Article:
When Windows Server 2016 was released last year, one of the features that I myself, and much of the community were excited about was the new installation option called Nano Server. The way I’ve always described Nano Server is that it’s like Windows Server Core, but on steroids. It is a completely gutted, only-what-you-need installation option, and it’s an installation option that really talked to my Linux and open-source roots. I loved the idea of having only what was absolutely necessary installed on a server, not just because of the attack surface reduction, but because of the reduction in software to maintain on the system as well. I remember running Gentoo Linux on some systems simply because it was a “compile from source” type of distribution and I loved the idea of again, only installing the needed bits, and with Nano Server I felt like we had arrived at something resembling that in the Microsoft world as well.

When Nano Server was released, it was stated that it would be the recommended installation path for containers and for core infrastructure workloads as well. This included things like Hyper-V, Storage Spaces Direct, DNS, IIS… and there was talk of more supported roles coming at some point. This was a lot to get excited about for sure! Hyper-V hosts running with a TINY OS image. It was amazing, it was awesome…  and ultimately, not meant to be.

Nano Server Gets Gutted for Infrastructure Workloads

Last week the Windows Server team hit us with THIS bombshell. Here are the key takeaways from the announcement as far as Nano Server is concerned

  • Going forward, Nano Server will be used primarily as a container image.
  • Support for Infrastructure Workloads and Bare-Metal will be removed from Nano Server. (This includes the removal of support for Hyper-V and Storage Spaces Direct)
  • Windows Server Core will now be the recommended deployment mechanism for Infrastructure roles/features
  • Server Core will also be able to be used as a container image for deployment of traditional applications via container services

You could see some of this coming if you read between the lines in Microsoft’s marketing and what not. The messaging behind Nano never really went further towards infrastructure workloads other than saying its a great installation option for those roles. Installation was difficult, documentation was spread out over several pages, with different UI image builders, and scripted deployment options. It was being used for too many things to be able to keep it as it was, and if I’m really honest with myself, I can understand why this happened.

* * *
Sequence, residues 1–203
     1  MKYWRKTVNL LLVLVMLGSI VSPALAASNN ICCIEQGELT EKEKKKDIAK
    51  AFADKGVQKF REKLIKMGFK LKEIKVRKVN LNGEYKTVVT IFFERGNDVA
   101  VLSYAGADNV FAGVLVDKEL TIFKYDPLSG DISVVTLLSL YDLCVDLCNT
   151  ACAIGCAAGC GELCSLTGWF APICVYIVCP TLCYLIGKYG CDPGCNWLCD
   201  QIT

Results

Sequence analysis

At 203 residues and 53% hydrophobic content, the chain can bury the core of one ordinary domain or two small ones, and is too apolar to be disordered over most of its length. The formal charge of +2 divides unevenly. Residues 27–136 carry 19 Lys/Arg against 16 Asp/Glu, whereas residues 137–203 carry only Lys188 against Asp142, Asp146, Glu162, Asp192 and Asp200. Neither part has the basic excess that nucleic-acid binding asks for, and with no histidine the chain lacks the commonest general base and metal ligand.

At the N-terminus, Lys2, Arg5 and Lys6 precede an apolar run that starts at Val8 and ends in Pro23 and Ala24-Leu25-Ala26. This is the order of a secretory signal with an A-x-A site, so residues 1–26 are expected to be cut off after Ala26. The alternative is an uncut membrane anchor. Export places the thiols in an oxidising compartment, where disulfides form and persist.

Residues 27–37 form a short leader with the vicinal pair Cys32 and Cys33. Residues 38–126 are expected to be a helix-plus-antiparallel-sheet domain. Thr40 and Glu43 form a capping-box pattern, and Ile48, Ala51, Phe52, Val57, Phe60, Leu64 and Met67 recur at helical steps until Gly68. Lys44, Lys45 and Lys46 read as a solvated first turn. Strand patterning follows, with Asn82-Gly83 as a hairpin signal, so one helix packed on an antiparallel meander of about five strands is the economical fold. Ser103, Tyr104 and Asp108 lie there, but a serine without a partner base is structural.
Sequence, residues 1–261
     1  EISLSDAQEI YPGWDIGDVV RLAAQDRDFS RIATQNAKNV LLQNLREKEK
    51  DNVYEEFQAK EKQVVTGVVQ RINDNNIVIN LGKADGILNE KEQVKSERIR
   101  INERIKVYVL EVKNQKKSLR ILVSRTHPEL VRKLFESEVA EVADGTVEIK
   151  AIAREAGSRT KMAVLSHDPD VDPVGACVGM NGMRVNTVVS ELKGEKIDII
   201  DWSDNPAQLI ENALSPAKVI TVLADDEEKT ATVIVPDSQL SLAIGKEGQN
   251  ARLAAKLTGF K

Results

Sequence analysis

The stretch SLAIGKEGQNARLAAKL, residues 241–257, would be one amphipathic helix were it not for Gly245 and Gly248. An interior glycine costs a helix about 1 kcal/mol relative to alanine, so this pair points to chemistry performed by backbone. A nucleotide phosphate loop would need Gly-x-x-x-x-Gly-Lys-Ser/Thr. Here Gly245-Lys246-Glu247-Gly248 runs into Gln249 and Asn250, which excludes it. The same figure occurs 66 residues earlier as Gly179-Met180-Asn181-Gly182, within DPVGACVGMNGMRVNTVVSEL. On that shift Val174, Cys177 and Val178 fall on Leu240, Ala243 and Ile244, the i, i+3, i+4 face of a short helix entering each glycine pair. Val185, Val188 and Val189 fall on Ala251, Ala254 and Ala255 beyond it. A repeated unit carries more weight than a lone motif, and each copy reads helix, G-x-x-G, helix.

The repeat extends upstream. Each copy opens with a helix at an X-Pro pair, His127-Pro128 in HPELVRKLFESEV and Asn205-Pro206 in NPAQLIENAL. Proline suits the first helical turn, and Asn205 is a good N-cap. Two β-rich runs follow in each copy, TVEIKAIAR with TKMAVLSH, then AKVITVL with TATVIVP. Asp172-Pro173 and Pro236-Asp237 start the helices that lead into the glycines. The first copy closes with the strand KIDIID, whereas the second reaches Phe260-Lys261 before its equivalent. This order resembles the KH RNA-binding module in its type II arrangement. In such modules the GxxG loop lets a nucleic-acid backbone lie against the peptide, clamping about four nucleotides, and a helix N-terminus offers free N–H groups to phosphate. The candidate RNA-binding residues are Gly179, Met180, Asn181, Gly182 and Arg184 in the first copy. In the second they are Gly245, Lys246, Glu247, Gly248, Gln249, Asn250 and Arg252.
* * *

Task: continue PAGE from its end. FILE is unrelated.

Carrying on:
The concept of something like Nano Server dictates that it be very CLEARLY defined as to what it’s going to be and what it’s going to do. By continuing to add more role and feature support to it, Microsoft was essentially creating another Server Core. Jeff Woolsey from the Hyper-V Product group said it best in that IT Pros using Nano Server for infrastructure wanted more roles/features and more drivers. Devs wanted a smaller footprint for their applications. There was no way to reconcile both of those complaints.

I think Microsoft listened to customer feedback, reviewed telemetry data, and made a decision, that they were not going to continue using Nano Server for infrastructure any longer, and instead they were going to make it the best container image on the market. While it bums me out for my infrastructure stuff, it makes me feel better that it has a VERY specific goal now, and with that, I think Microsoft will succeed in that goal.

So what is the Recommended Installation Option Now?

That leaves us with Server Core as the recommended installation option for infrastructure workloads. I’ve been using Windows Server Core for Hyper-V since the 2008 R2 days and I’ve always found it to fit my needs. Additionally, Microsoft has made a TON of improvements and changes since then like including Server Core in their new Semi-Annual Release Cadence, also announced last week.

If you hadn’t heard, Microsoft will now be bringing core feature updates to Windows Server twice a year, in the spring and fall. This update branch applies to customers that have ALL of the following:

  • Windows Server 2016 Standard or Datacenter
  • Running with the Nano Server or Server Core Deployment Option
  • Active Software Assurance

Also below is a chart from Microsoft detailing the different installation options and their associated channels

Services Branches

Long-Term Servicing Channel

Now I understand that this quicker release cadence isn’t for everyone, and Microsoft gets that too. That’s why they are still providing what they call the Long-term Servicing Channel (LTSC). LTSC is what you’ve been used to using all these years. You install your Windows Server and another big release comes out in a couple of years. In the mean time you get 10 years of support (from the OS release date) on that installed operating system if you don’t decide to upgrade it. This is the best option for those organization that don’t need the latest and greatest features, and perhaps need the most stable branch of server software possible.

What if I already deployed Hyper-V on Nano in Production?

You have support on Nano Server (the Fall 2016 version) until Spring of 2018. You’ll want to migrate those workloads to a Windows Server Core option. Following something similar to the rolling cluster upgrade procedure should help with this process. We actually happen to have a how-to article on that HERE.

Wrap-Up

While it’s a let down to some, I feel better in that the lines are more clearly defined now. We have Server Core for infrastructure and we have Nano for Containers and both of them will get the attention they deserve moving forward.

As always if you have any follow-up questions and/or comments, be sure to leave a comment below!

Thanks for reading!